One of the perks of being a student at MIT or a business school for that matter, is that you get to attend talks by prominent leaders, for free.
Today, I had the opportunity to meet the guy who inspired me to blog every single day, without fail. He is Fred Wilson, a venture capitalist. Read my 1st post and 2nd post about how he inspired me.
Now that I’m his avid blog reader (among many others), I figured that he must mention something about his talk at MIT today. And indeed he did. You can read about it here. He didn’t talk about what he said though, it was just a mention and he talked more about General Doriot, the father of modern VC. As usual, I read through all the comments. Most people got excited about him giving a talk at his alma meter and that they wished the talk had been recorded.
While it was recorded, I thought maybe I should just share his key lessons and takeaways here, for me to read back in a few years time and for those of you who didn’t get to attend his talk today.
He told us to bring back 4 key lessons:
- VC’s most important role is being a cheerleader (to their entrepreneurs)
- Everyone needs a cheerleader in their lives (for him, it’s Gotham Gal, his wife and she also has a blog and she is a VC too! I hope my husband thinks I’m his cheerleader)
- F*****g up is fruitful as long as you learn from it (business context)
- The best time to invest in something is when nobody believes in it besides you (but you must totally believe in it and know why)
When asked what does he look for in entrepreneurs:
- Charismatic – must be able to convince investors, customers, team etc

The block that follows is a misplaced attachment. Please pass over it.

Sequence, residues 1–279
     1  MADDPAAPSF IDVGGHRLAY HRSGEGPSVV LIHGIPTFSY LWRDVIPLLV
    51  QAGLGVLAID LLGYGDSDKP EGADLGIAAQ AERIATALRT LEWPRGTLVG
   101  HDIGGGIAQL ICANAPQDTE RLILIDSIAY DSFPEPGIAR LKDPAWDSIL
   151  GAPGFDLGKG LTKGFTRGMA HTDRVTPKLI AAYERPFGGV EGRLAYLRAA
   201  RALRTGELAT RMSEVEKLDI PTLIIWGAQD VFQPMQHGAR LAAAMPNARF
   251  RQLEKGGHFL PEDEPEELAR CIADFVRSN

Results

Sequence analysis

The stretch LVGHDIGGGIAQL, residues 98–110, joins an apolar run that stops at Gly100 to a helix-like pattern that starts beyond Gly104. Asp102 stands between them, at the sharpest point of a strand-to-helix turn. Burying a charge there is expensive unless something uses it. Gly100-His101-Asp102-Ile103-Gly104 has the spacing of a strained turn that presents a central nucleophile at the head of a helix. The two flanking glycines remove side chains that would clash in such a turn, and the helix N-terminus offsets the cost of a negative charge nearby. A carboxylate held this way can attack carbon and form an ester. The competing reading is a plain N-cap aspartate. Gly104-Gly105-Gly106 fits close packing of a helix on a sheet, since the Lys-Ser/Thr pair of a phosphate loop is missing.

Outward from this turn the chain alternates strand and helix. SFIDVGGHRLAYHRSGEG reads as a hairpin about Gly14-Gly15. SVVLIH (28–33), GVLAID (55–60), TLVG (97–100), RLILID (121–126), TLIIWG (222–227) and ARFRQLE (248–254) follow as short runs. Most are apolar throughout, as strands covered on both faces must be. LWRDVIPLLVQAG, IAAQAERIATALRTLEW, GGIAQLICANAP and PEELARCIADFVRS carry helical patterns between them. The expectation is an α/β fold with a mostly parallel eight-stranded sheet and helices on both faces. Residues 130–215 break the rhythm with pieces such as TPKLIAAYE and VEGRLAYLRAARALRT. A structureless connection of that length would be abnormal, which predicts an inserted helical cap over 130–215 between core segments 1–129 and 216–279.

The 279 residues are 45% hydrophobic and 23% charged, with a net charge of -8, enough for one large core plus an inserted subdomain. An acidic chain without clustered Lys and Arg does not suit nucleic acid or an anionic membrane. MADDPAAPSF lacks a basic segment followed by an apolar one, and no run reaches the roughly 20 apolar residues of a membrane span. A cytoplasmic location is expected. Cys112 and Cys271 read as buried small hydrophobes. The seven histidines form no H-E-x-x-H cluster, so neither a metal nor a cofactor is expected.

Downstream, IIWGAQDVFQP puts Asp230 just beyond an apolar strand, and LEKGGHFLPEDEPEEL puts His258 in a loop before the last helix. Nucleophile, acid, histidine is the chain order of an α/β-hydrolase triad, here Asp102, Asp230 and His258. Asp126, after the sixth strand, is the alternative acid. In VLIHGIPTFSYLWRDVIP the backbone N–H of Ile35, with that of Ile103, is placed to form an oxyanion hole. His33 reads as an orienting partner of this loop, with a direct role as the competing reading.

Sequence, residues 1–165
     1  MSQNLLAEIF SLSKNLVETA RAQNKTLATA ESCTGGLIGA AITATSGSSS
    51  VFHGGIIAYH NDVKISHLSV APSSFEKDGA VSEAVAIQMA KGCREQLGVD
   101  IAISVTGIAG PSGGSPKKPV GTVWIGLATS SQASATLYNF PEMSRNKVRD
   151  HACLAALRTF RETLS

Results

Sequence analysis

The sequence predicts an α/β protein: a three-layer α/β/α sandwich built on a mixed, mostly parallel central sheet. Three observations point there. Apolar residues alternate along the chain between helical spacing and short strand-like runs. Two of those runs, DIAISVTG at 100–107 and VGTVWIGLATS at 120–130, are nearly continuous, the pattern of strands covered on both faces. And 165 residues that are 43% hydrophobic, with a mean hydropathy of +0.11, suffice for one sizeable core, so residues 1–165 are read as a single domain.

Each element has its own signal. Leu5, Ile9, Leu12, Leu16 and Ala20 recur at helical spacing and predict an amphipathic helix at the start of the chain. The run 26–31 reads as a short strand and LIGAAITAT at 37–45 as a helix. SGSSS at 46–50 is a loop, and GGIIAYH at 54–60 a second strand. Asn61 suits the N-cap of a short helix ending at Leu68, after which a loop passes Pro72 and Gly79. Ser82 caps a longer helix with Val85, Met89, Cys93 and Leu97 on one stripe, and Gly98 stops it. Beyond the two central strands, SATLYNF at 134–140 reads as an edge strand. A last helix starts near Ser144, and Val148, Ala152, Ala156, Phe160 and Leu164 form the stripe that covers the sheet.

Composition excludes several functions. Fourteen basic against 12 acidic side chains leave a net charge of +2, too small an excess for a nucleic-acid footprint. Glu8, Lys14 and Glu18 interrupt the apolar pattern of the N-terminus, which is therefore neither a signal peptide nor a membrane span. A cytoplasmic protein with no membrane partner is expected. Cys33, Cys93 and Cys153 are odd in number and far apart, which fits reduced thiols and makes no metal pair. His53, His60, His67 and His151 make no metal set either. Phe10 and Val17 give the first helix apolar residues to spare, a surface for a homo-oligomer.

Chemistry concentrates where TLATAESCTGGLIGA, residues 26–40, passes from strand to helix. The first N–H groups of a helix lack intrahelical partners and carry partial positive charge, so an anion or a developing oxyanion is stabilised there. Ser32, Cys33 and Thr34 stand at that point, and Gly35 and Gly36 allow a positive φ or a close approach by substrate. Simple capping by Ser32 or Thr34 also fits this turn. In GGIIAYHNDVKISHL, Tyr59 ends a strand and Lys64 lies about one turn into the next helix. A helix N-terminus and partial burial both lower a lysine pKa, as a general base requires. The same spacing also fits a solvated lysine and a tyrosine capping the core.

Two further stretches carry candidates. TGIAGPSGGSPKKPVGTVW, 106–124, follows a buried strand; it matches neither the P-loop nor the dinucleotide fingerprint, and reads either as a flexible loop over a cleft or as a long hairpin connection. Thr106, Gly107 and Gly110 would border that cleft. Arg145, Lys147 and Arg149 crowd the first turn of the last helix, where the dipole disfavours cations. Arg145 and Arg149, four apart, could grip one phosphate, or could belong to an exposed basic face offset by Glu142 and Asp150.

- Technical expertise – knowing how to make something, or rather owning the making of it, instead of outsourcing the making to somebody else
- Integrity – be honest, be good partners
Other key points which I thought are important:
- Working with entrepreneurs are like parenting
- Writing is super important to practice your thinking, a way of thinking out loud
- Take risks for outsized returns, biggest capital gain mostly comes from funding companies from scratch/early-stage
- Internalized all lessons learnt in failure late 90s to early 2000s
- VCs are service providers to entrepreneurs (it’s a people business, must learn how to deal with a breed of people)
- Build network with other angel investors and the more professional investors
- Work in start ups first then only become VCs, so that it’s easier for you to make the difficult decisions as a VC/investor of the start up
- Companies that optimize for sustainability that sacrifice short term returns for long term returns/objectives will perform better
Thank you Fred, it’s an honour.